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Sustain Coronavirus Food Alert

Our statement on Covid-19

This is the Sustain alliance's statement on Covid-19 coronavirus and food resilience. Statement updated: 23rd March, 2020

Sustain is in the privileged position of being able to help with the response to the Covid-19 coronavirus outbreak. We are highly motivated to do so.

A safe, resilient, equitable and accessible food supply is vital to everyone, and we will do what we can to help secure this, now and in the future. There are some things we must do in emergency mode; and some that are about building the safe, fair, resilient and sustainable systems that we all need for the future.

Through talking and listening to a wide range of frontline groups, we have initially identified some key ways in which we can help. We will share more details shortly, but in essence Sustain will be working with our national policy team and our local networks in the following ways.

Supporting the emergency response

We will support work at national, local authority and community levels, and are redeploying some of our staff, with the support of our compassionate and flexible funders, who understand the need to do so at a time of national emergency. Overall, we are at time of writing less concerned about overall quantity of food, and more concerned with ensuring that it gets to the people who need it and that producers, workers and businesses throughout the food supply chain are properly supported. At this stage, the most important things for Sustain and our alliance members to do are:

  • Tackle vulnerability: Ensure that sufficient resources are channelled to where it is most needed. At first, our focus is on food for the most vulnerable – people on low incomes and those most at risk from infection – older people and those with certain health conditions. First and foremost, we are prioritising the need for people to have enough money to buy the food they need. We are also supporting efforts to help very vulnerable people access food.  Food banks and voluntary sector initiatives have a role, but will not be able to meet the demand and may not have suitable arrangements to help many of the people needing to self-isolate. We are supporting those working on food for children – especially those in low-income households who may miss out on school meals and holiday hunger support.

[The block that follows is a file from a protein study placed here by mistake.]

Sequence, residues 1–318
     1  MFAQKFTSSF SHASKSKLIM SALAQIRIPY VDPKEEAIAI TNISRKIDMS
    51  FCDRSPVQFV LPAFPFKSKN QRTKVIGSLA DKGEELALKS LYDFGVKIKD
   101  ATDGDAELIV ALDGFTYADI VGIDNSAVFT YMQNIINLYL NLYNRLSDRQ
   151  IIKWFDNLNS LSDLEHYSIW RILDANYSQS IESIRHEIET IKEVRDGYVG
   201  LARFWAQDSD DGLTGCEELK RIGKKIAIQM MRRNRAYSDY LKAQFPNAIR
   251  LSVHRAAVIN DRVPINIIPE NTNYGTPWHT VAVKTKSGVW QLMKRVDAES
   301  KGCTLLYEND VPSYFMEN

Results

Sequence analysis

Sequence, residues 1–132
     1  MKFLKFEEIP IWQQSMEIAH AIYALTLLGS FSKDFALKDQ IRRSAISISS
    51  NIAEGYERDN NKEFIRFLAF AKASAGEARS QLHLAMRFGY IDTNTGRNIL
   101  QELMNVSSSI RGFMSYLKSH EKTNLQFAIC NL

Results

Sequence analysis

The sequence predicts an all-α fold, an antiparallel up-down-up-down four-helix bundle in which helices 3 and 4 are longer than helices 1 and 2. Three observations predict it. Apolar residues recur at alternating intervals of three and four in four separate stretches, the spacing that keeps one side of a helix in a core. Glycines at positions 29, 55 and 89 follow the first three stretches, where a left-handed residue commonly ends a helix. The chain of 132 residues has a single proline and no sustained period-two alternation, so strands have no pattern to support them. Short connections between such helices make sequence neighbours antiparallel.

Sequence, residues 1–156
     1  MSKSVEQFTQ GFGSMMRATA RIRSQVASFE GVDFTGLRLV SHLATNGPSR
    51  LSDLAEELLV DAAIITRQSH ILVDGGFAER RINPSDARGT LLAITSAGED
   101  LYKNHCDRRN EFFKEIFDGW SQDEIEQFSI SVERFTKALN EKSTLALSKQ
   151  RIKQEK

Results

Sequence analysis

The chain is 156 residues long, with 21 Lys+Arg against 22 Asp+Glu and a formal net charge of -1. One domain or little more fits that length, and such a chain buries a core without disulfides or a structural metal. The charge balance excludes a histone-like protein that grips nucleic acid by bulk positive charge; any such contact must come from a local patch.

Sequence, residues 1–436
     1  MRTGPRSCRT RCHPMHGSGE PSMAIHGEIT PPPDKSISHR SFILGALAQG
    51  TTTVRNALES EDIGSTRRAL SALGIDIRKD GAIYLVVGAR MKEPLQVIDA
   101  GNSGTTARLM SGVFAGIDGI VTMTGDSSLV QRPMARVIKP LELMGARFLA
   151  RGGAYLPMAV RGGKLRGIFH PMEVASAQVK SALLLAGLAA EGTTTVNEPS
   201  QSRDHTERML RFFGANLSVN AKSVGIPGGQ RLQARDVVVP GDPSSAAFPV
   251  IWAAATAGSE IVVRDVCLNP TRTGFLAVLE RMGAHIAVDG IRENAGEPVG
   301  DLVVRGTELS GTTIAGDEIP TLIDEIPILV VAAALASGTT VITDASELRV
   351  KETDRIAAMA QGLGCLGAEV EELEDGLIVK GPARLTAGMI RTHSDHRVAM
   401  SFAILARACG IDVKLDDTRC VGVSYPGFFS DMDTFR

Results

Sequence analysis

• Support the supply chain: Supermarkets and big food supply chain companies have access to policy-makers and targeted support. Sustain is looking at ways to support smaller farmers, fishers and food producers and their diverse market outlets.
  • Channel the money: Champion good ideas for where money could be provided into the system to help reduce financial pressures on vulnerable households; keep food enterprises and food supply flowing; and enable effective local authority and voluntary sector action. We will also look at policies that could help reduce costs.
  • Influence local response: Working with the food partnerships and food poverty alliances in our Sustainable Food Cities and Food Power networks, help local authorities, Local Resilience Forums and emergency funders to identify what support they need and can offer – coordination, money, cost reductions and guidance on issues relating to enterprise support, continuity of supply and access to facilities such as community centres, markets, storage facilities and kitchens.
  • Connect up: Share intelligence from national organisations in our alliance, as well as those local food partnerships, voluntary sector groups, enterprises and local authorities that are taking action at local level with the Westminster government, devolved administrations, funders and other supporters who could help them respond effectively.
  • Listen and learn: Talk to people working on the frontline – the farmers, fishers, bakers and other food enterprise owners and workers, supply chain workers, people on low incomes and voluntary groups and others affected by large-scale food system disruption – as well as the specialist associations that work with them. We will develop our own work and priorities dynamically, based on what we hear.
  • Communicate: Share stories of effective action at local and national level, aiming to inform and inspire people help in whatever way they can – whether professionally or as individuals. Telling the stories of communities, enterprises, schools and local authorities rising to the challenge of massive food system disruption - frontline stories of food heroism. We will need hope, and we need stories to tell ourselves of how people have the potential to rise up to help each other.